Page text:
Before using Slack, you likely experienced the frustration of needing a file that was locked in a coworker’s inbox, or you joined a project team without knowing any context of previous decisions. Slack solves these issues by making all the files and messages shared in public channels accessible via search.
Search is the best way to locate kickoff documents for any project, help a new hire get up to speed quickly or dig up the context for a decision made even years before. Once you get good at using filters and modifiers for searching in Slack, it’ll be easier than ever to find the information you need.
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Writing the ideal search query
As with almost any other app you use in your personal or professional life, search in Slack starts with a target phrase. Are you searching an entire workplace history for something general, like “advertising,” or for something specific, like “Q4 advertising plan spreadsheet”?
Phrase searches can be hit-or-miss, because every word must appear in the messages and files containing them. If you get incorrect matches or too few results, try making the term more general by removing words and searching again, or try other words associated with what you’re looking for.
Messages, files, channels and people: your four search categories
Atop the Slack search interface, you’ll find four tabs that sort results into categories: messages, files, channels and people.
- Searching messages is straightforward. The word(s) in your query will appear somewhere in each resulting message.
- If you’re searching files, the keywords can appear in part of the title or exist anywhere inside the document.
- A search in channels not only returns channel names but also descriptions and topics.
- The people tab will search for names that match, as well as any other information filled out in someone’s profile.
Narrow your search with filters
If you’re searching for a message using a general phrase that returns too many results, try to remember at least one other detail about it. Do you recall:
- Who said it?
- What channels it might have been in?
- The approximate date it was shared?
- If it was a file, do you recall what kind of file it was (e.g., PDF, email, spreadsheet, image)?
Just below your primary search categories, you’ll find a handful of helpful filters that correspond closely to these prompts. For example, use the people filter to search messages from just one or a few people, or try the date option to limit results to a single time frame. Select any of these options, or combine them, and your results will update instantly to more focused results.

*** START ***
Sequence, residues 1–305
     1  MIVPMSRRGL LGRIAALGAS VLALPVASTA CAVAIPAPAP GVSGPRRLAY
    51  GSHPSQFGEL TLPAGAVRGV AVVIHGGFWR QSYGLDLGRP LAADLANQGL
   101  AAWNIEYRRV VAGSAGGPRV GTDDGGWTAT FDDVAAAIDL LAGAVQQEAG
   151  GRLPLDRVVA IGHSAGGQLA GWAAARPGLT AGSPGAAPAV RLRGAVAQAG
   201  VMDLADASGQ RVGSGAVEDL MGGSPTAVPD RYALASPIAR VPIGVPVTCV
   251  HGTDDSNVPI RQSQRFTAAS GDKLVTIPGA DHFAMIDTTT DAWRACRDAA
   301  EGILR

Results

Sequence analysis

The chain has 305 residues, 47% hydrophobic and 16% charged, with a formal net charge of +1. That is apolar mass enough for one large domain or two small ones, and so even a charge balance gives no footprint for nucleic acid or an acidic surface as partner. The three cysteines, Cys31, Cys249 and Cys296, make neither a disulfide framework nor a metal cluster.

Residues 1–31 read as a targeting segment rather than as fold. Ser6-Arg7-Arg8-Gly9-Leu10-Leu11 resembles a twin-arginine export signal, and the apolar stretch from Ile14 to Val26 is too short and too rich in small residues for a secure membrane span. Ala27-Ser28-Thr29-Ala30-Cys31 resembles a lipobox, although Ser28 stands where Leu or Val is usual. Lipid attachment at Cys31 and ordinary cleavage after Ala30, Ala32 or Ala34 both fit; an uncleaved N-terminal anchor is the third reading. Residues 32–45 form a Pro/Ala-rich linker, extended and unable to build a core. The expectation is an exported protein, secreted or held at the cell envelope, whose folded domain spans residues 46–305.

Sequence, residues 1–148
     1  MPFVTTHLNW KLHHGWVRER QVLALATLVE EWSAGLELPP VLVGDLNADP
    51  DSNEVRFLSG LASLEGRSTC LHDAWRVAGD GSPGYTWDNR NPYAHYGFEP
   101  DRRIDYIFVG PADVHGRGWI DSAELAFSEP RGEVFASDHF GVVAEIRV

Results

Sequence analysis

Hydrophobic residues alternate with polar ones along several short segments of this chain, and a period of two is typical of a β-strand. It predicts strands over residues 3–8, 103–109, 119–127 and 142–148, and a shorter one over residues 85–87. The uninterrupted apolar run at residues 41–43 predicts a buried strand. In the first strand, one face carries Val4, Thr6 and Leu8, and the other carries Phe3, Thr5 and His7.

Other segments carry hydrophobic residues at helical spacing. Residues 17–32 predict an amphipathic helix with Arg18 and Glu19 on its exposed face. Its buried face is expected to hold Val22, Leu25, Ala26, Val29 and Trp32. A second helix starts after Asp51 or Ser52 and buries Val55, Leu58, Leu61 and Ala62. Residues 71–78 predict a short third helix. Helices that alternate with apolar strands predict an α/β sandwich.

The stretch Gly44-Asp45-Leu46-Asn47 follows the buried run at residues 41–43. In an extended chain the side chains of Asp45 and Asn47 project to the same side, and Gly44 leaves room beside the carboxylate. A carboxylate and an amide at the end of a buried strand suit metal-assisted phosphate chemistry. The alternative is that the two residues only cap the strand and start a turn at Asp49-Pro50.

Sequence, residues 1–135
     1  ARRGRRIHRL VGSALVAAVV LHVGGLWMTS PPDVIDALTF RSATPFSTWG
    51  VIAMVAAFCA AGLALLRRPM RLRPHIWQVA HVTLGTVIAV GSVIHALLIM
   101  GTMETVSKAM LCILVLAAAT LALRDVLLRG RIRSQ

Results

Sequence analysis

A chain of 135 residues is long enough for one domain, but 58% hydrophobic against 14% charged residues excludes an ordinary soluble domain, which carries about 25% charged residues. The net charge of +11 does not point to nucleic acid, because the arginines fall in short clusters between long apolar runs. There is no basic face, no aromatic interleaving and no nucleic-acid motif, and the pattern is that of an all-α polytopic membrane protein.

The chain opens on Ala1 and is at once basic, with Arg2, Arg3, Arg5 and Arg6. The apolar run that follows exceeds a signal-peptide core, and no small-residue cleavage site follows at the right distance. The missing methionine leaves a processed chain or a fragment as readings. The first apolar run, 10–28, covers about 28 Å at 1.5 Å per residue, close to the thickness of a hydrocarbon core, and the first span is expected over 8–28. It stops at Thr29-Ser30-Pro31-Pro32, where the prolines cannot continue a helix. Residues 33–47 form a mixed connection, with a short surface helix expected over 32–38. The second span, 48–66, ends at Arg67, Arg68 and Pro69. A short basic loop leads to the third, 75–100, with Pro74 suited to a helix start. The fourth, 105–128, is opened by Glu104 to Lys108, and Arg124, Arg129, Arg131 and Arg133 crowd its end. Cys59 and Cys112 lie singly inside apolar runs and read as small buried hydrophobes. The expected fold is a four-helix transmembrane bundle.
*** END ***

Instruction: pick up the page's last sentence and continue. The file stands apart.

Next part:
For example, let’s say you’re looking for a message from your manager. Rerun your search, click the people filter within messages and type or select your manager’s name from the list of users. If you remember that it was posted last summer, enter a custom date range of June 1 to September 30.
Quick tip: If your organization integrates a lot of apps with Slack, and you find too many of those updates in your search results (customer support tickets, for example), select the hide apps and bots option after clicking on “More filters” in your results.
Narrow your search with modifiers
There are additional modifiers you can add to your searches, many of which mirror the clickable search filters. There are, however, a handful with special purposes:
has:starto see only messages or files you starred in the past
has:reactionto retrieve only messages that got a specific emoji reaction or any emoji reaction, respectively
to:meto search only direct messages sent to you
Putting search tools into practice
Let’s say I’m preparing a presentation of customer stories for a company all-hands meeting and need the final design files for the images used in our 2018 FIFA World Cup story. A search for “world cup” in this demo Slack workspace gives far too many results.
I’m looking specifically for images, so let’s flick over to the files tab.
Our results narrow, but the images I need aren’t on the first page of these results. I know our art director posted them, so I’ll filter the search for only images and only from Alice Cho.
And like that, my 2,531 results went down to 793, then finally to the six I really wanted.
How other apps for Slack work in search
When you connect your Dropbox, Google Drive, Microsoft OneDrive and other cloud file services to Slack, the titles and contents of files from those services shared in Slack also get indexed in search.
For example, in the aforementioned case study on event production for the World Cup, the phrase “segments that were first produced in L.A. and then shipped to the International Broadcast Center on the outskirts of Moscow” appears in the post. A search inside Slack’s own workspaces finds the exact draft document where it was written.
At Slack, we consider searching such a key skill for employees that it’s taught in our new-hire onboarding sessions. We place new hires in a virtual escape-the-room game, where they have to use search, filters and modifiers to locate clues hidden in our own Slack workspace. For many of us at Slack, there’s not a day that goes by when search doesn’t help us find what we need and move work forward.
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